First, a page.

A single-track railway is a railway where trains traveling in both directions share the same track. Single track is usually found on lesser-used rail lines, often branch lines, where the level of traffic is not high enough to justify the cost of constructing a second track.
Single track is significantly cheaper to build, but has operational and safety disadvantages. For example, a single-track line that takes 15 minutes to travel through would have capacity for only two trains per hour in each direction. By contrast, a double track with signal boxes four minutes apart can allow up to 15 trains per hour in each direction, provided all the trains travel at the same speed. This hindrance on the capacity of a single track may be partly overcome by making the track one-way on alternate days, if the single track is not used for public passenger transit.
Long freight trains are a problem if the passing stretches are not long enough. Other disadvantages include the propagation of delays, since one delayed train on a single track will also delay any train waiting for it to pass. Also, a single track does not have a "reserve" track that can allow a reduced capacity service to continue if one track is closed.
If a single-track line is designed to be used by more than one train at a time, it must have passing loops (also called passing sidings or crossing loops) at intervals along the line to allow trains running in different directions to pass each other. These consist of short stretches of double track, usually long enough to hold one train. The capacity of a single-track line is determined by the number of passing loops. Passing loops may also be used to allow trains heading in the same direction at different speeds to overtake.
In some circumstances on some isolated branch lines with a simple shuttle service (such as the Abbey Line in Great Britain) a single-track line may work under the "one train working" principle without passing loops, where only one train is allowed on the line at a time.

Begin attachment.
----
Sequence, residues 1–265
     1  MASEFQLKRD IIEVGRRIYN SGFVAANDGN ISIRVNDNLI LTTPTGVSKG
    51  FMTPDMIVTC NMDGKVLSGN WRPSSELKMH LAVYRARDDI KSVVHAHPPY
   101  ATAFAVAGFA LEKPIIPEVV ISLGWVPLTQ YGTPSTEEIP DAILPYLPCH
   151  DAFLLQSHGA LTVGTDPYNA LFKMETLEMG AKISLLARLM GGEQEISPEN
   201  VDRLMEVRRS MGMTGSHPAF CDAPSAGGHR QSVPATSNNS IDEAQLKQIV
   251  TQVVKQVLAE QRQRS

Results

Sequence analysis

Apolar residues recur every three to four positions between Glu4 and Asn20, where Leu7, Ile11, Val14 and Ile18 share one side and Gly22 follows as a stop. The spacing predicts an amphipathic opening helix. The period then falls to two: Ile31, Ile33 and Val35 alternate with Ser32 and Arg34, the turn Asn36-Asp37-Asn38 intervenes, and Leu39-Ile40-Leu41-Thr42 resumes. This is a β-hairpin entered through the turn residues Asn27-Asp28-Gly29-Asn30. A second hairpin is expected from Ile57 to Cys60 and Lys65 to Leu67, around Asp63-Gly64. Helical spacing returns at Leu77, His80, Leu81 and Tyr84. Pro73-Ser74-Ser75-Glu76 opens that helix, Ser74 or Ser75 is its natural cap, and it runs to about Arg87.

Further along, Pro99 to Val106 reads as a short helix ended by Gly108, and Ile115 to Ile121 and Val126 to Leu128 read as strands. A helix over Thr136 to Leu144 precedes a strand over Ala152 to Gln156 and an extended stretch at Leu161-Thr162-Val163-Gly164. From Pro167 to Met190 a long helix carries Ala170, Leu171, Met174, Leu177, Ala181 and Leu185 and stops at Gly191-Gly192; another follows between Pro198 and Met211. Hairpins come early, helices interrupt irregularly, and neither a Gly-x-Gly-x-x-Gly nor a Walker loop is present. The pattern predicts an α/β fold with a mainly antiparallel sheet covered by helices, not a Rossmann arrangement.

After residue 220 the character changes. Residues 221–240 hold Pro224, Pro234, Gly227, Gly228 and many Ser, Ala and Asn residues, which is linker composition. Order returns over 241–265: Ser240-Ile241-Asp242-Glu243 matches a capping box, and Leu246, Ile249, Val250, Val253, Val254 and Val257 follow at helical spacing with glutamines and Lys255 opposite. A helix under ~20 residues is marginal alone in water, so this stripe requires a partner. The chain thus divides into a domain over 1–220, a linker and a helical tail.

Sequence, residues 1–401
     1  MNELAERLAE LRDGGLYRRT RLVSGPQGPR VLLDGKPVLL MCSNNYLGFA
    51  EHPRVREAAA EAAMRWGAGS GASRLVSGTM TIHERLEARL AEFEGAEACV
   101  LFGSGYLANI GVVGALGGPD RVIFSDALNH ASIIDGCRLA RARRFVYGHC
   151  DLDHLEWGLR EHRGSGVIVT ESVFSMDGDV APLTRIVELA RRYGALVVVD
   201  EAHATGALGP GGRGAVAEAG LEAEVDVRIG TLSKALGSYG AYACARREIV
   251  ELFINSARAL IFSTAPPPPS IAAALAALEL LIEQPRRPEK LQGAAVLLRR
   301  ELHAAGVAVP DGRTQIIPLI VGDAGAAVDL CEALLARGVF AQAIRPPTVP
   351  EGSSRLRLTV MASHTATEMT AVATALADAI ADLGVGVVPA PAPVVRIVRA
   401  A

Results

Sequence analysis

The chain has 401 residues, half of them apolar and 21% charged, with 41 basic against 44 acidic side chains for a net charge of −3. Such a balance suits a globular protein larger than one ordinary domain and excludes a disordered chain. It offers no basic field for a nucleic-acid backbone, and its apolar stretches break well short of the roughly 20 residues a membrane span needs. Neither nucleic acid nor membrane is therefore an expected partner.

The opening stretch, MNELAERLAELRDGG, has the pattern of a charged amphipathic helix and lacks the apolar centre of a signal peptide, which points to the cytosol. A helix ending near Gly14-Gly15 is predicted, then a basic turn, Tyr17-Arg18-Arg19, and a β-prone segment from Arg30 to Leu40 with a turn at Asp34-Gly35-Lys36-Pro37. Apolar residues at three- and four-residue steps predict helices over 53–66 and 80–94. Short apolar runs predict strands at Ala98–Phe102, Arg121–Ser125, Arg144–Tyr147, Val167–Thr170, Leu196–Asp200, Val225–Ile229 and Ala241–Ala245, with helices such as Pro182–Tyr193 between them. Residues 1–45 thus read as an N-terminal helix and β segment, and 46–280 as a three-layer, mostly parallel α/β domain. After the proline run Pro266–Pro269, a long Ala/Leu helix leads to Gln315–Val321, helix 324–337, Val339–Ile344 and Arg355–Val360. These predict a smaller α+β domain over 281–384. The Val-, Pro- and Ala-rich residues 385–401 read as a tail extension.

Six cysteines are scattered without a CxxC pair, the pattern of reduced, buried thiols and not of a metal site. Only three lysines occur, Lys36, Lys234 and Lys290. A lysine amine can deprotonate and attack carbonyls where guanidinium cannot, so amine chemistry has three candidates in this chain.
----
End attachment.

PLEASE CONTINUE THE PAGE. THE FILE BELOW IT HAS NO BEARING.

On single-track lines with passing loops, measures must be taken to ensure that only one train in one direction can use a stretch of single track at a time, as head-on collisions are a particular risk. Some form of signalling system is required. In traditional British practice (and countries using British practice), single-track lines were operated using a token system where the train driver had to be in possession of a token in order to enter a stretch of single track. Because there was only one unique token issued at any one time for each stretch of single track, it was impossible for more than one train to be on it at a time. This method is still used on some minor lines but in the longest single-track lines in Britain (e.g. the Highlands of Scotland) this has been superseded by radio communication.
In the early days of railways in North America it was common to rely upon simple timetable operation where operators knew where a train was scheduled to be at a particular time, and so would not enter a single-track stretch when they were not scheduled to. This generally worked but was inflexible and inefficient. It was improved with the invention of the telegraph and the ability to issue train orders.
Converting a single-track railway to double track is called duplication or doubling; converting double track to single track is known as singling. A double-track railway operating only a single track is known as single-line working.
Building bike trails on rail corridors has occurred in limited examples, however developing rail right of ways for a bike trail can restrict a train corridor to a single track. Also reclaiming a railway corridor to use trains again, that have become bike paths, limits the use of double tracks. The bike path is usually where the second track would be. An example of a bike, single-track corridor is the E&N Railway in Victoria, Canada.